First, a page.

March 7, 2019 9:05 pm
Updated: March 11, 2019 1:18 pm

Vancouver company giving back to community with a hearty soup

WATCH: Food that otherwise would be going to waste is finding a new purpose. And as Catherine Urquhart reports, it's doing more than helping feed people in need - it's providing them with jobs.

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After testing and distributing hundreds of litres of soup, a local initiative is forging ahead with its first product that will not only feed those in need, it will also help people gain valuable employment skills.

Goodly Foods uses produce that isn’t deemed high quality enough for grocery store shelves. Instead of the produce being thrown away, the company turns it into something good.

Goodly Foods co-founder Yuri Fulmer said the produce is donated by supplier partners, including wholesalers, growers, re-packers and distributors, “folks who have tomatoes that are too round, not round enough, too red or not red enough.”

WATCH: Making the most of food waste

The program has another huge benefit.

“The employees are generally people who have at least one barrier to employment so they may be living in poverty,” Fulmer said.

WATCH: Community reporter Michael Newman visits some of the charities making sure children and families don’t go hungry


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“They may have had an injury in the workplace. They may have a substance abuse issue. It’s absolutely a win-win. Consumers get a fantastic soup. Organizations like the Food Bank receive food that they can distribute to people in need and folks here get meaningful employment that helps them get back on their feet.”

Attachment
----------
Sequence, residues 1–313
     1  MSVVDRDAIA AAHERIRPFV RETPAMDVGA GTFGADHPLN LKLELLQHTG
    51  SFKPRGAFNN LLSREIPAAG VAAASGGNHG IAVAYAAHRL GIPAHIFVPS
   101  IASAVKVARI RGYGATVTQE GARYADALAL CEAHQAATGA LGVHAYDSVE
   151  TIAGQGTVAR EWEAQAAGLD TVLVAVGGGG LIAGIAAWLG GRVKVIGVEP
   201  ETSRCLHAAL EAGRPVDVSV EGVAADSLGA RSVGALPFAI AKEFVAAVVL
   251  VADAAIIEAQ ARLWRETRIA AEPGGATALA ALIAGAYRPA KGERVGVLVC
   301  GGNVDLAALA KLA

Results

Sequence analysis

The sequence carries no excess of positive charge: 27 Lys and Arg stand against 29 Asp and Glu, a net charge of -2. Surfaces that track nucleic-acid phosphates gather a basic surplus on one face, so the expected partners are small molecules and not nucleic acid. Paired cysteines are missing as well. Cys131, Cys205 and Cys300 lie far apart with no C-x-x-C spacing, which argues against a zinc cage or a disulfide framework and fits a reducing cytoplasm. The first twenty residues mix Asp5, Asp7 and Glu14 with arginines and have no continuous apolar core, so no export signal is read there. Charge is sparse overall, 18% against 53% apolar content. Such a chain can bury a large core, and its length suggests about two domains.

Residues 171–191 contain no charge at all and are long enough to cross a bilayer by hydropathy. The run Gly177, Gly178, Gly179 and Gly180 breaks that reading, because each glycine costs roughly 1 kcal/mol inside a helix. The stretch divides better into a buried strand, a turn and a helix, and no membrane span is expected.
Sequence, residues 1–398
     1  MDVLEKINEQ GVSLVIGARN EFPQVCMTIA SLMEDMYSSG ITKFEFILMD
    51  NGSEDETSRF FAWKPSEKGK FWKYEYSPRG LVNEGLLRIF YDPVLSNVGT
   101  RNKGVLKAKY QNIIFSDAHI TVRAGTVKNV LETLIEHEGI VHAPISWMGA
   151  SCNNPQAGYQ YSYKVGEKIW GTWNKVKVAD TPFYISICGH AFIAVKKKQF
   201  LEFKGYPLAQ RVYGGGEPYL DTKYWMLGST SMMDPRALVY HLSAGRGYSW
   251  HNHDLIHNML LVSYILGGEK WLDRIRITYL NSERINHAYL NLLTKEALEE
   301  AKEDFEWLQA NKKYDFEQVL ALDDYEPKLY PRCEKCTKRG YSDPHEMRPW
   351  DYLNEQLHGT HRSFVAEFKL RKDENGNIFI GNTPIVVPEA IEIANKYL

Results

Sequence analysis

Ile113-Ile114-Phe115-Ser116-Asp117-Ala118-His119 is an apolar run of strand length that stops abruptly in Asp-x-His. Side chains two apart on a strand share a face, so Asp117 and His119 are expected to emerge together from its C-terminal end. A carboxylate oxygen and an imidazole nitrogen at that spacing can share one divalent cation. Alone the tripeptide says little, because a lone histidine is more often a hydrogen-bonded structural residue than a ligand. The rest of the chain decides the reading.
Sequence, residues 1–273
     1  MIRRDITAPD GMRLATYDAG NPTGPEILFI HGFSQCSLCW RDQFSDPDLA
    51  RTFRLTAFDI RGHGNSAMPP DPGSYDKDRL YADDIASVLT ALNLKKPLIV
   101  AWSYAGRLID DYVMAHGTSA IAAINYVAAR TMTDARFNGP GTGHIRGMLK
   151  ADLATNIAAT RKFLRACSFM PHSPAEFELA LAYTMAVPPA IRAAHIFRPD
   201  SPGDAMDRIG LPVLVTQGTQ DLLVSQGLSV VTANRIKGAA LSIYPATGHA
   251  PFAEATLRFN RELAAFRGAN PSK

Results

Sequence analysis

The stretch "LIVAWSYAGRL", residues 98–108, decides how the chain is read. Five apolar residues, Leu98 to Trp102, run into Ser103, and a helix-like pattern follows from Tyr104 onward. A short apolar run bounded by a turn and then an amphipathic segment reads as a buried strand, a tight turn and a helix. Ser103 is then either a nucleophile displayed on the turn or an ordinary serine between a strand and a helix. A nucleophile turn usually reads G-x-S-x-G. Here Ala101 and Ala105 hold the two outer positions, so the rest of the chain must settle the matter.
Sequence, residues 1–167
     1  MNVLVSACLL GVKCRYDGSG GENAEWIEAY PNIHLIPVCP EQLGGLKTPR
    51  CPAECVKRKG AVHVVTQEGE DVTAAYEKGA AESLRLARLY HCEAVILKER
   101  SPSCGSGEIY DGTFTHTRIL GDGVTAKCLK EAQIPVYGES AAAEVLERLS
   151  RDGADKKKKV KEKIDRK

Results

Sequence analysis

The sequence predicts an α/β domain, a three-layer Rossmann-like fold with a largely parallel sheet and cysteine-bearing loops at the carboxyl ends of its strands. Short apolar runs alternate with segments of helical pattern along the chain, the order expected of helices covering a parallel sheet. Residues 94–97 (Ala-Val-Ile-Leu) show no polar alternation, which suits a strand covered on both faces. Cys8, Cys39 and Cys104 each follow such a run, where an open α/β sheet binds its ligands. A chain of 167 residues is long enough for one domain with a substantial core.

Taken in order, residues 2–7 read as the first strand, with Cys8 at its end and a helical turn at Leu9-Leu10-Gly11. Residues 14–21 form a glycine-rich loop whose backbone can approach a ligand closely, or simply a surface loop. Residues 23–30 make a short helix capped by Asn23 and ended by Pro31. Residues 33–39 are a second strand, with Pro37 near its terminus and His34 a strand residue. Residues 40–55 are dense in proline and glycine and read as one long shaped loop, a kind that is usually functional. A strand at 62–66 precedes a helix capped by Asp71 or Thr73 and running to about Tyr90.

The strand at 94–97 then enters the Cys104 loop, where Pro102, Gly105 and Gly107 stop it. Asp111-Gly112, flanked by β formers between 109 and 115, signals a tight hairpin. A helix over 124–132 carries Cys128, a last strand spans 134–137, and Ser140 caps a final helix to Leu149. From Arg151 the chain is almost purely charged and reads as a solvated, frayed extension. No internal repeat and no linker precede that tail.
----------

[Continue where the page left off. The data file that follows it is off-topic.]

All of the proceeds go back into the project as its first product, a hearty tomato vegetable soup, starts to hit the shelves. For now, the soup will be distributed through soup kitchens and other agencies that feed people in need.

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Goodly Foods general manager Alexa Pitoulis has even bigger goals.

“We really have a dream of seeing this soup in public institutions, so schools, hospitals, seniors living facilities,” she said.

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“It’s a nutritious, healthy, beautifully-made soup that I think will have a lot of legs in a lot of places.”

Pitoulis added the issues of food waste, people needing jobs and supportive employment opportunities are not unique to Vancouver, “so we really see the potential of working across Canada and beyond to do similar models.”

Thursday’s launch was made possible in part because of the Walmart Foundation, which granted the Greater Vancouver Food Bank a $1-million investment grant to help grow the Goodly Foods initiative.

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